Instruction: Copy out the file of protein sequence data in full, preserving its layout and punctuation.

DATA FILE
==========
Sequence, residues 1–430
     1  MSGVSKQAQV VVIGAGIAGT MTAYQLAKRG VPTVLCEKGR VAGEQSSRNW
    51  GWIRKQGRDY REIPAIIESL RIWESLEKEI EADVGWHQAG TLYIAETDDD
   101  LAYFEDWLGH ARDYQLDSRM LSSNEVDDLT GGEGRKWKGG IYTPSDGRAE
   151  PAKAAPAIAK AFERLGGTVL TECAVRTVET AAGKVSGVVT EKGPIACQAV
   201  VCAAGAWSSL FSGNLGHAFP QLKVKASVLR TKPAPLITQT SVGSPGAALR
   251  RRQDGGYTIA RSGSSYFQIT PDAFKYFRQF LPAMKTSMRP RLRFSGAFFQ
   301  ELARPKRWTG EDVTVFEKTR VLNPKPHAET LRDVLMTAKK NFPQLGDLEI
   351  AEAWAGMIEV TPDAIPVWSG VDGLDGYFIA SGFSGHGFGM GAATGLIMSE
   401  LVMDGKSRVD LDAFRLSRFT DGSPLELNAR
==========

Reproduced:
Sequence, residues 1–430
     1  MSGVSKQAQV VVIGAGIAGT MTAYQLAKRG VPTVLCEKGR VAGEQSSRNW
    51  GWIRKQGRDY REIPAIIESL RIWESLEKEI EADVGWHQAG TLYIAETDDD
   101  LAYFEDWLGH ARDYQLDSRM LSSNEVDDLT GGEGRKWKGG IYTPSDGRAE
   151  PAKAAPAIAK AFERLGGTVL TECAVRTVET AAGKVSGVVT EKGPIACQAV
   201  VCAAGAWSSL FSGNLGHAFP QLKVKASVLR TKPAPLITQT SVGSPGAALR
   251  RRQDGGYTIA RSGSSYFQIT PDAFKYFRQF LPAMKTSMRP RLRFSGAFFQ
   301  ELARPKRWTG EDVTVFEKTR VLNPKPHAET LRDVLMTAKK NFPQLGDLEI
   351  AEAWAGMIEV TPDAIPVWSG VDGLDGYFIA SGFSGHGFGM GAATGLIMSE
   401  LVMDGKSRVD LDAFRLSRFT DGSPLELNAR